this charge, for McCullah deliberately kept the Globe-Democrat
sedate, while at the same time sprinkling it with snake stories
and the like to keep up reader interest. The Globe-Democrat
had written approvingly of the reformation at the offices of its
competitor, but when Jones began to refer to McCullah as the
"fat assistant" of the newspaper's president Daniel Houser, the
Globe-Democrat began to slip in a few remakrs about the "Adonis
of the Everglades" and "Jones, Late of the Swanpoodle (Fla.)
'Slasher'." 2 ** When the Republic charged that the Globe-Democrat ' s
editorials on Arkansas were stirring up a race war, the Globe-
Democrat called Jones "a Yankee tramp recently imported into
this city from Florida," who had sneaked the back streets of
Jacksonville to avoid chastisement for his practices of personal
journalism. Jones responded by printing a letter from former
Mayor Burbridge certifying Jones's southern parentage and
praising him for his work as a civic-minded promoter of Florida's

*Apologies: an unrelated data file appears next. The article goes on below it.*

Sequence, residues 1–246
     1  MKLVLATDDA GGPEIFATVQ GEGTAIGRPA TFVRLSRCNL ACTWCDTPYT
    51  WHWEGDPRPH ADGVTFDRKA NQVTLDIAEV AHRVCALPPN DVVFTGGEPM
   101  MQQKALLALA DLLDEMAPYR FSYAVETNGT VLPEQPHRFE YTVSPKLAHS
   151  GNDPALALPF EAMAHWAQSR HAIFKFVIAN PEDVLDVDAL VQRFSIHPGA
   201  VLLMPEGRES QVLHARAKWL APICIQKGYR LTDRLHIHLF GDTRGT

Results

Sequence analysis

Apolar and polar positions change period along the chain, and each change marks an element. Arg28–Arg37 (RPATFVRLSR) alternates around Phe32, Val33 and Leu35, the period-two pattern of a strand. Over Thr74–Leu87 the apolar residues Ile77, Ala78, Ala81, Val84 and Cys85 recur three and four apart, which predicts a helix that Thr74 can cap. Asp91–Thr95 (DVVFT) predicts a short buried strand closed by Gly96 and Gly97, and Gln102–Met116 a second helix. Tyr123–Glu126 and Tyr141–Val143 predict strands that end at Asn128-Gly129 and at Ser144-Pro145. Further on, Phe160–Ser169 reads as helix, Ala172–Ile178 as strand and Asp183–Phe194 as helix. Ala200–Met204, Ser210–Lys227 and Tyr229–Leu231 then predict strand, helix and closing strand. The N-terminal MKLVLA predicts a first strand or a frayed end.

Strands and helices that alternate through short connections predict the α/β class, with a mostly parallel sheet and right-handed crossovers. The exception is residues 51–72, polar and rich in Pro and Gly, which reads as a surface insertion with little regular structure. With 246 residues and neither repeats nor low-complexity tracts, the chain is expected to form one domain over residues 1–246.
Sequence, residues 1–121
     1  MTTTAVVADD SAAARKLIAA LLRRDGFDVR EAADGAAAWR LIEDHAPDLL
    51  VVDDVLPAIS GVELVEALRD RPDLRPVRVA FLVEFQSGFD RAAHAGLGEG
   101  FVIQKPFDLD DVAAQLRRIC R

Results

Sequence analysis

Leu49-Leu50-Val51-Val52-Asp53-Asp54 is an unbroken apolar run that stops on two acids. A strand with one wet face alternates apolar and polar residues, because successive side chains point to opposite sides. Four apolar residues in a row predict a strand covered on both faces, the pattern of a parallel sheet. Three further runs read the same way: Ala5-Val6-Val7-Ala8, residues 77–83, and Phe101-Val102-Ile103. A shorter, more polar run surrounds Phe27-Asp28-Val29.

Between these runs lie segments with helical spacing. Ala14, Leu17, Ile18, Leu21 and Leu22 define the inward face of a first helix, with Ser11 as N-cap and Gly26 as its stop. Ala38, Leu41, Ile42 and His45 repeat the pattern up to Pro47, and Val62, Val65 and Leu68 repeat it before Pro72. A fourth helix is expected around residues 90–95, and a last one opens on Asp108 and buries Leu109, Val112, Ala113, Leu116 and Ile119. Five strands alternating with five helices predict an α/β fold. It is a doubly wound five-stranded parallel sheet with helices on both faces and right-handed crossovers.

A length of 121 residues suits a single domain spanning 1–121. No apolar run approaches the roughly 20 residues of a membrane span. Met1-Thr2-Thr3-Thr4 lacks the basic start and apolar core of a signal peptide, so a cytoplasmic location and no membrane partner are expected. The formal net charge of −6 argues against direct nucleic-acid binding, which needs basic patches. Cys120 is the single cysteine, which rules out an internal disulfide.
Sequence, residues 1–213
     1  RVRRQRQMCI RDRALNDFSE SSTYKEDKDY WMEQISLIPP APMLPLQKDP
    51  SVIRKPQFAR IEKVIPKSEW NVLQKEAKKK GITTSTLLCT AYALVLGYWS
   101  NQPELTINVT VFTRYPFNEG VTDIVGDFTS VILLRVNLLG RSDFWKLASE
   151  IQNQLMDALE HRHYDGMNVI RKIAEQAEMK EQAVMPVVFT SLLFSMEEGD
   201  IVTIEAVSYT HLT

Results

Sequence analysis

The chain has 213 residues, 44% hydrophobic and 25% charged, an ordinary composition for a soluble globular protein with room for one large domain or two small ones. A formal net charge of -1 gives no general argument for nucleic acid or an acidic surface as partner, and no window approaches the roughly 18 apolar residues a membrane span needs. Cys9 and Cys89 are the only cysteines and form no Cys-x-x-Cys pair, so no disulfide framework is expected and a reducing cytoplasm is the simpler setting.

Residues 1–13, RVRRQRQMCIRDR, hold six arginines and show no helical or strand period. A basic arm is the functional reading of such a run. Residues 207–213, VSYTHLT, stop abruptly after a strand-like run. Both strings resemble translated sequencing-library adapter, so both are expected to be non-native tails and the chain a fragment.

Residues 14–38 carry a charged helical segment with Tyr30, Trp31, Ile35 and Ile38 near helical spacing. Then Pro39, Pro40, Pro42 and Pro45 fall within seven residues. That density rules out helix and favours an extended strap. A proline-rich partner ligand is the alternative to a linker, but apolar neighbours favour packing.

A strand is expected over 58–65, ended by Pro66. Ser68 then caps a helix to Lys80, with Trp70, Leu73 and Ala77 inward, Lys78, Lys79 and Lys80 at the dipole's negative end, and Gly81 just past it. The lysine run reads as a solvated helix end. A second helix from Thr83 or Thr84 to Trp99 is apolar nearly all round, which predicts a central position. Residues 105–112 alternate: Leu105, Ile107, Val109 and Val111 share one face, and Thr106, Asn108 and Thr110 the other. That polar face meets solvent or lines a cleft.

While concentrating on his morning competitor, Jones did
not ignore the evening Post-Dispatch , like the Republic a Demo-
cratic paper but less involved with the party organization.
Pulitzer shared the resources of the New York World with the
POst-Dispatch , giving that paper high quality features such as
Sunday [Supplement material not available to other St. Louis
newspapers. The illustrations of the Post-Dispatch were better
than the Republic 's, but the layout of the paper was, if any-
thing, more conservative. Jones began his contest with the
Post-Dispatch by harping on the fact that Pulitzer marketed a
12 page paper in New York for two cents but charged five cents
for an eight page paper in St. Louis. The Post-Dispatch had
ignored Jones's arrival in St. Louis but reacted to this
campaign by charging that the Republic had scissored a story out
of a Chicago paper and run it as a "Special to the Republic."
The Post-Dispatch 's editorial continued:
When Brer Jones announced that he had placed his
small savings in the lean treasury of the old
Republican there was a certain sympathy felt for
him as for a harmless imbecile who had been con-
fidenced out of his money. But he is evidently a
fraud of the first water, and his attempt to impose
on the intelligent reading public of St. Louis with
petty swindles that would not go down in the
Okeefinokie [ sic ] Weekly Everglade explains very
fully why the aforesaid reading public pay 5 cents
for a newspaper with news in it and do not pay 3
cents for journalistic swindle with fakes in it. 31
At the bottom right-hand corner of the page carrying the
Post-Dispatch * s attack, a story of a hold-up in Texas appeared